2. Xi Jinping and other leadershave made it clear that China is willing to accept a slower growth pace if thiswill allow for a more sustainable, consumer-driven expansion of its economy.Some prognosticators are quick to conclude that China’s economy will soonsignificantly slow down, especially because China’s economy has sputteredfollowing prior instances when the nation’s leaders have effected suchfundamental economic reforms (such as in 1978 and 1993).
3. John Williams's classic score still raises goosebumps over 40 years after this summer blockbuster hit theaters. Jaws preys on our primal fear of the unknown in deep waters, showing a small beach town ravaged by a series of attacks from a single killer shark. In recent years, environmentalists have stressed the generally nonthreatening nature of sharks, which kill an average of just eight swimmers each year.
4. Benoit Battistelli, president of the EPO, said the increase in patent filings by Chinese companies reflects both their increasing expansion into Europe and the fact that China is becoming a globally innovative knowledge-based country.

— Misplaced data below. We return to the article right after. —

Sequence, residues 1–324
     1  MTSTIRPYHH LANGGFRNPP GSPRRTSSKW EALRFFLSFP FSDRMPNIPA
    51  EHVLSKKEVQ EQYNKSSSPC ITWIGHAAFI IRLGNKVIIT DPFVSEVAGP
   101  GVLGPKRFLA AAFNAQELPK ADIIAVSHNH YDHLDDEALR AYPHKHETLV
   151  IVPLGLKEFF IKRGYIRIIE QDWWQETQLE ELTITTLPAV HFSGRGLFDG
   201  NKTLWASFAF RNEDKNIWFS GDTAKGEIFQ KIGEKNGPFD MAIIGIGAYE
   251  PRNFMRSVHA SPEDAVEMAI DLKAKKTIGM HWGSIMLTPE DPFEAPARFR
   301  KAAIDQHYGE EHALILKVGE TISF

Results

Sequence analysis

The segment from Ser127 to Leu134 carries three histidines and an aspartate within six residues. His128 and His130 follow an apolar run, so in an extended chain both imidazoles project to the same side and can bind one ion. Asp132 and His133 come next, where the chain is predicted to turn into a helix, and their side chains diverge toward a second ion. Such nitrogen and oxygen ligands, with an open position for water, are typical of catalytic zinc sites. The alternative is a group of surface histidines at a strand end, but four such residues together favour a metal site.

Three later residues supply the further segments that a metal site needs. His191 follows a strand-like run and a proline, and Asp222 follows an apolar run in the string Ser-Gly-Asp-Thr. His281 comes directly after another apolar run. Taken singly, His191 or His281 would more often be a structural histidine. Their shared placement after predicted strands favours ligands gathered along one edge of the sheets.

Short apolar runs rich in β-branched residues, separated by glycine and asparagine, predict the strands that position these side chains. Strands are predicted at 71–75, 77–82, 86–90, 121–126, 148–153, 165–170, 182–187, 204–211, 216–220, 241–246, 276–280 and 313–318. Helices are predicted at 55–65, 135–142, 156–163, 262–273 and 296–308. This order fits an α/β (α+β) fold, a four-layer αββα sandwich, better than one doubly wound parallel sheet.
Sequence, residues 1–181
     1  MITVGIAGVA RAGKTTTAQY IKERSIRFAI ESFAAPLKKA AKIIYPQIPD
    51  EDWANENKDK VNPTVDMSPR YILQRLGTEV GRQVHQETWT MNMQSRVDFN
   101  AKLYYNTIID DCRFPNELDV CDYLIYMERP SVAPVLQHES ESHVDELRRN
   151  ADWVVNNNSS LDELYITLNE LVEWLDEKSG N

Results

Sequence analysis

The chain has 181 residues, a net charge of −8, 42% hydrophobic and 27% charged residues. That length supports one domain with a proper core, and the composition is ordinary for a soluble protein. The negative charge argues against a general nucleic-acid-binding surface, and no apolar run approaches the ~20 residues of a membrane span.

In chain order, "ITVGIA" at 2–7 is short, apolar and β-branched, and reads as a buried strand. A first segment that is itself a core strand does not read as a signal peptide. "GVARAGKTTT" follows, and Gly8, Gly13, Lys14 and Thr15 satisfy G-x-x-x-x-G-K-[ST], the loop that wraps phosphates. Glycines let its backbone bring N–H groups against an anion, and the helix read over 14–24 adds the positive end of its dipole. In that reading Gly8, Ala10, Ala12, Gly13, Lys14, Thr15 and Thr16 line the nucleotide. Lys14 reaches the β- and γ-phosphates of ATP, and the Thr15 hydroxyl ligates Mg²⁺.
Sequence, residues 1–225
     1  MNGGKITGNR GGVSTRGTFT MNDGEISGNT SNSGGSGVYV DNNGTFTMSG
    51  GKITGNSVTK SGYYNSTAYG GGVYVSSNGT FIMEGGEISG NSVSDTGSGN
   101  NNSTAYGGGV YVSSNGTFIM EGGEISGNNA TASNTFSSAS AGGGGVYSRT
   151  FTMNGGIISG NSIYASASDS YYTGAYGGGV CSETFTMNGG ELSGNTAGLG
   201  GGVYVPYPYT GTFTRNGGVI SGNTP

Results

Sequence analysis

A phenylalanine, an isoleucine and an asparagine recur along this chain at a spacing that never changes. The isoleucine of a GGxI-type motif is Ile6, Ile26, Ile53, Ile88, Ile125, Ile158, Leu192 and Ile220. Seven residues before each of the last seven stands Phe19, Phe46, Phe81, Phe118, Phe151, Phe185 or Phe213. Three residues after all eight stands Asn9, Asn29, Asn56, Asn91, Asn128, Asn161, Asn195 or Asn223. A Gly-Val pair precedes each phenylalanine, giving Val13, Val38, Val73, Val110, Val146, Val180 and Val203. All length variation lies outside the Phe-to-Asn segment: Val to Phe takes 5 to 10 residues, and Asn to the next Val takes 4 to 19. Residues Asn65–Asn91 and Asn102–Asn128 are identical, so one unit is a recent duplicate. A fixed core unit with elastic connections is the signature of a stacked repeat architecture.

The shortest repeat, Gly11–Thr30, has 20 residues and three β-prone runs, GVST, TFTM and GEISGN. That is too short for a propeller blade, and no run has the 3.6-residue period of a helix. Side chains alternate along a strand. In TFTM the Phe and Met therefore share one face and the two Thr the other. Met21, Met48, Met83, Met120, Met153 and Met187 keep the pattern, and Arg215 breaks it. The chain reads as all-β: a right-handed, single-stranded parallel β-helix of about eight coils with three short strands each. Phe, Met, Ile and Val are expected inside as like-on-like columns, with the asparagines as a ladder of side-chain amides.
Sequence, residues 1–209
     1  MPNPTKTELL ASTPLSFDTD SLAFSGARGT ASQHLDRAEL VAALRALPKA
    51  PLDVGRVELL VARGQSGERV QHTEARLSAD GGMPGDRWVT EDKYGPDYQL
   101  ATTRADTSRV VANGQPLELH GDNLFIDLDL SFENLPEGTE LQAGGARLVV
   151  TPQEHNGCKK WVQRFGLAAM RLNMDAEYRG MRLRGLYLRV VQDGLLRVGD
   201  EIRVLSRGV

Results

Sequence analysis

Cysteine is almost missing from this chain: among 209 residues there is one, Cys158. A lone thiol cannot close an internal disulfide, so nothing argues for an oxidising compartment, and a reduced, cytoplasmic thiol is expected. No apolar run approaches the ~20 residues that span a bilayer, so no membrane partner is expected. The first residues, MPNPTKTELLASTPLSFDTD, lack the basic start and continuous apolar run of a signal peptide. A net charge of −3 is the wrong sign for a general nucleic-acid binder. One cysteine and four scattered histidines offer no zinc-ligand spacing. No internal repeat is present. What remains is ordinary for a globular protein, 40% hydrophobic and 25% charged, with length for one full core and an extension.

3. However, one lawyer, who prefers to remain anonymous, says Teach Firsters’ prior experience and autonomy in a classroom can mean they feel frustrated starting at the bottom of an organisation’s ladder again.
5. Emerging market exports have been declining in dollar terms since October 2014, a far longer, if less extreme, losing streak than during the 2008-09 global financial crisis, as the first chart shows.
2. But with a Republican-controlled State Senate, opponents of rent stabilization doubt that 2015 will be a watershed year for the tenants’ movement. Sherwin Belkin, a lawyer who represents landlords, said: “Landlords view this as an opportunity to make some much-needed changes to rent regulation.”
1. Dachis says: The end of year iPhone 5 and iPad Mini releases overcame early controversies in overseas manufacturing and any lingering effects from the death of Steve Jobs to make Apple the biggest mover of the year.
We are now in the midst of the most peaceful era of human history. Back in the 1940s, 300 out of every 100,000 people would die as a direct result of war. We’re happy to tell you that that figure is now less than 1.
In the wake of the Fitbit and Google’s GOOG 0.26% Glass, a flurry of companies has flooded the market with iterations of sensor-laden armbands, apparel, and eyewear. It’s a buzzy category, but early adopters seem to be waiting for a moment when they are no longerthat guy. (You know. The “Glasshole.”)